1. Why plant a million trees?
Trees enrich and improve our environment and dramatically increase the overall quality of life in New York City. The benefits provided by trees are numerous and diverse, making it important to quantify their value to our city and its residents. The primary benefits provided by New York City’s urban forest come in three key areas:
- Environmental Benefits: Urban trees help offset climate change, capture rainfall, remove dust and other pollutants from the air, lower summer air temperature, reduce our use of fossil fuels, and provide habitat for wildlife.
- Economic Benefits: Trees provide $5.60 in benefits for every dollar spent on tree planting and care, increase property values, and appeal to community and business investment.
- Health and Lifestyle Benefits: There is growing evidence that trees help reduce air pollutants that can trigger asthma and other respiratory illnesses. Green spaces also encourage physical activity - a healthy habit for any New Yorker.
Further information on the benefits of trees can be found at the Benefits of NYC's Urban Forest page.
2. Where will trees be planted?
During the spring and fall tree planting seasons, the Parks Department will at first conduct block-by-block street tree planting in six “Trees for Public Health” (TPH) neighborhoods, while New York Restoration Project and other non-profit partners coordinate tree planting on other public, institutional and private land, as well as engage in public education and community outreach activities. The goal is to completely green an entire neighborhood with an abundance of newly planted trees on both public and private lands.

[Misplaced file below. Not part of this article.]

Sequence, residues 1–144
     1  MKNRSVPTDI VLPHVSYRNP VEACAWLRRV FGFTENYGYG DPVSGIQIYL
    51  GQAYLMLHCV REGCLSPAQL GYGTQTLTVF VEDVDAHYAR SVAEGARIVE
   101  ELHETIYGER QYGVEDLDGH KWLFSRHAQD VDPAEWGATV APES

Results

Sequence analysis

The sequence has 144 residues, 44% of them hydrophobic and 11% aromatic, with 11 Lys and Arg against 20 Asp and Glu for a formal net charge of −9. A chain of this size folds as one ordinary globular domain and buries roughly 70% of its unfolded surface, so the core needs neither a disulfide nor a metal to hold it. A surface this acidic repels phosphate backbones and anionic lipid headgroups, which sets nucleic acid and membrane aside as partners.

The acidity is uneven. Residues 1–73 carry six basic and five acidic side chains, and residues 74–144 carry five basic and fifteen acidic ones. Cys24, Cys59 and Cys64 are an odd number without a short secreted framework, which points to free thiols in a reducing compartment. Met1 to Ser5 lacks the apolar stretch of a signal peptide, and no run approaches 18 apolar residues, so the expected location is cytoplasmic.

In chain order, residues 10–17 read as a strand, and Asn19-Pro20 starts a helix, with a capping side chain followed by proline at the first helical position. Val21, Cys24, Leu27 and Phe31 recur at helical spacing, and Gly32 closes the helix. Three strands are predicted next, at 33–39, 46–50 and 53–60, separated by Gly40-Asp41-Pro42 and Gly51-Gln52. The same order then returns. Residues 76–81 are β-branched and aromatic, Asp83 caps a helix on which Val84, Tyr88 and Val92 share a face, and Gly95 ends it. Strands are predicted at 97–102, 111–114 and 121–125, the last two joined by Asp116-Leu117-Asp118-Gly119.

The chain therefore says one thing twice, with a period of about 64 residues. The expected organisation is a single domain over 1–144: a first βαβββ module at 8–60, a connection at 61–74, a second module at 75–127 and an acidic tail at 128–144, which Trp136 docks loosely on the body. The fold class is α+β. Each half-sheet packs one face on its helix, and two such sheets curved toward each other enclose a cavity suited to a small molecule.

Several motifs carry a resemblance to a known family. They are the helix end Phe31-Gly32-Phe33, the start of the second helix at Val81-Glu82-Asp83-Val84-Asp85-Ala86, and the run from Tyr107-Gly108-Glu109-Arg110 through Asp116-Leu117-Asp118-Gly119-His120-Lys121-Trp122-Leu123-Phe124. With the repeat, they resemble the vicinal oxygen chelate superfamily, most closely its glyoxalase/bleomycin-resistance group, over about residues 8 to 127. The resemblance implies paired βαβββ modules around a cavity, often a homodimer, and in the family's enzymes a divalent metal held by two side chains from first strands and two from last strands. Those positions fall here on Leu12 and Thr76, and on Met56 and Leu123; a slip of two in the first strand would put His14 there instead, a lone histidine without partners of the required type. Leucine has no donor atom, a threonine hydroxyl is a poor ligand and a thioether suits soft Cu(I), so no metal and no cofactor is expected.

While we are targeting neighborhoods of greatest need, MillionTreesNYC remains a citywide initiative. The Parks Department will continue to respond to individual requests for street trees, while NYRP and our many public and private partners engage community-based organizations and volunteers in every neighborhood throughout New York City’s five boroughs to plant and care for new trees.
3. What are “Trees for Public Health” Neighborhoods?
TPH neighborhoods—East Harlem, East New York, Far Rockaway, Hunts Point, Morrisania, and Stapleton—were selected because they have fewer than average street trees and higher than average rates of asthma among young people. It is believed that additional trees in these neighborhoods will reduce the pollutants that trigger respiratory disorders, and contribute to healthier living standards.
4. How can I request a street tree?
The Parks Department plants street trees, free-of-charge, on sidewalks in front of homes, apartment buildings, and businesses in all five boroughs. In order to request a free street tree, visit our website to submit an online form to the Parks Department or call 311.
You can also plant a street tree on your own by obtaining a Tree Planting Permit or by calling 311. Due to certain street tree height and species qualifications, individual street tree planting most often requires hiring a landscape contractor directly. For one-stop planting and permitting, the New York Tree Trust will work with you on selecting the species and site and permitting and planting processes for a donation. Call (212) 360-TREE.
5. How can I get involved with MillionTreesNYC?
You can dig in by planting a tree in your yard or community, joining a tree stewardship group, or talking about the importance of our City’s urban forest and MillionTreesNYC to your friends, family, and colleagues.To be notified about specific tree planting opportunities, fill out and submit the online form.